Bookmarked: Kephart’s Philadelphia
Beth Kephart has a new novel due out next month, and it explores Philadelphia from another era.
I sat on my Bainbridge Street deck with the pepper scent of pear tree blossoms and a clattering of starlings and doves and robins reading Beth Kephart's new young adult novel Dr. Radway's Sarsaparilla Resolvent, due out next month from New City Community Press /Temple University Press. Across the street, a construction crew was finishing a contemporary twin with pewter colored brick and ipe cladding. Their norteño love songs drifted on over; one of the crew had the habit of shouting lines before they were sung, like a scorned man trying to make a point.
The city was full on me, William Quinn, the 14 year old protagonist of Dr. Radway, might have said, in the perfectly clipped cadence of Kephart's imagined 1871 Philadelphia. Kephart's writing is indeed alive to the material world; readers of her Sunday Inquirer columns share in her wonder at this city's post-industrial hurtle. But cast in the late 19th century, her potent streets crackle and slur. Here is William on Broad Street, buckling up courage to avenge the killing of his older brother Francis by the policeman Socrates Kernon. He's seeking a woman named Pearl—his hook to snag Kernon—and here she arrives.
Finally, from behind, on Broad, William hears a hackney cab squeal to a sudden stop. He hears the quick snap of a brusque shout, the crash of overskirts and lace, the nasty slap of whip crack, and then, just as fast, the horse pulls off, tipping onto its back hooves and up before the driver has it back in its charge. The speed of its escape pounds hard into the street. A terrible rumple is left in the road, a mangle of person and skirts.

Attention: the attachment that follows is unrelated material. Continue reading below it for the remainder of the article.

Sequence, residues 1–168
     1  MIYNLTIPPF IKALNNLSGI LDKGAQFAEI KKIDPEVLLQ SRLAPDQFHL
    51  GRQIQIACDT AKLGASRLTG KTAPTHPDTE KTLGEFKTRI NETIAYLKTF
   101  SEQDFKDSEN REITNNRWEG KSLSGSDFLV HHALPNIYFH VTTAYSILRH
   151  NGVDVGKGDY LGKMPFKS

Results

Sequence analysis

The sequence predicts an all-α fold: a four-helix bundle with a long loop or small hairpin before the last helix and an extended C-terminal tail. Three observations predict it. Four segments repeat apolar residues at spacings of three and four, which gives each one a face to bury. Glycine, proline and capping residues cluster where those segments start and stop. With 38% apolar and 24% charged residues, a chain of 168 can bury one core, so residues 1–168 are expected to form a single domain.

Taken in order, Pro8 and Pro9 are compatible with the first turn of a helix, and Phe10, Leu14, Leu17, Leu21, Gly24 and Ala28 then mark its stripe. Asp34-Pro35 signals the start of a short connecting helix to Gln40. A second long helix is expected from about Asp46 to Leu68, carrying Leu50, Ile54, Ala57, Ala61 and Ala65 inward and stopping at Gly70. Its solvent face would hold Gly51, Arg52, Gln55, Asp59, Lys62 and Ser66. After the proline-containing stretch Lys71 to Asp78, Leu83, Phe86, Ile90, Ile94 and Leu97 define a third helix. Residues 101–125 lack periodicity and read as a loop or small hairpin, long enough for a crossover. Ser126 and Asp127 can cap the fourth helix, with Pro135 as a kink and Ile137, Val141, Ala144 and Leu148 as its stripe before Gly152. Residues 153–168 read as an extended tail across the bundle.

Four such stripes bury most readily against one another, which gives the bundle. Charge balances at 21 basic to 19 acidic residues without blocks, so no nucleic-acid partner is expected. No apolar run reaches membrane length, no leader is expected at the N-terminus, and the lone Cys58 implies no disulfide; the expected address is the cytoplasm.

Kephart has explored the territory of sibling loss before, in the 2010 novel Dangerous Neighbors, which takes place during the Centennial world's fair in Fairmount Park five years after William's journey to set things straight in Dr. Radway. (William appears in Dangerous Neighbors and Anna and Katherine, twins torn apart by a skating accident in that book, beg at the shadows of Dr. Radway, as Kephart puts it, "in that funny place between dream and knowing.")
Throughout the new book, which is strikingly illustrated by Kephart's husband William Sullit, the rather good-hearted William imagines conversations with his lost brother, a street smart hustler who had won their mother's heart. Ultimately, William will have to prove to himself and their mother he's every bit the protector his brother was. But William is no conniver. He's forced to negotiate the gray murk of morality as much as the smog and mud of the industrial city (much of the book takes around the Baldwin Locomotive Works below Spring Garden Street). William wades in it, sometimes chest deep. "What good is honesty if the truth is helpless?" he wonders.
And so does the reader, for this book, despite its strong narrative pull, leaves the reader feeling as open-ended as William is uncertain.
"We still seen what we seen," [William's aspirational best friend] Career says, tired now, his vest gone ragged.
"We seen what's possible."
"Possible for them," [says William].
"Possible for anybody."
Or is it? Kephart is interrogating the 19th century, as much as she's celebrating it (in the book's afterword, she calls it, quite accurately, "spectacular"). Industry's destruction is everywhere here, as it was in her masterful 2007 book Flow, a feminist portrayal of the Schuylkill River. "How is it," she asks in the voice of the river, in Flow, "that something man has made is more spectacular than all that he will never fashion with his own hands? Birds, for instance. Clouds. The eternity of rivers."
Industry hammers on in William's path, pressing people sometimes into compromise and deceit. "The sound of the machines comes down around him," Kephart writes in Dr. Radway,
the lathing and whining and huffing and steaming of the manufactories of old Bush Hill. It's a bee-in-the-ear sound—the infernal song of warp split and hank twist, beam and grist, the raking in of steaming coal, the mash and heat of pig iron. Corner to corner, at every careen and cross, it's here: the Iron Works, the Tool Works, the Car-Wheel Works, the plundering shake of the Pennsylvania Railroad, the stones being knocked from the trench.
One of Kephart's gifts in her ongoing written exploration of Philadelphia is the capacity, and the willingness, to look on all that's here with honesty, to allow for confusion and contradiction, for might and violence all at once. A writer does so by loving her characters, even the rotten ones, even the city so sour it might burn. And by bathing it, as only this one can, in fullness of breath.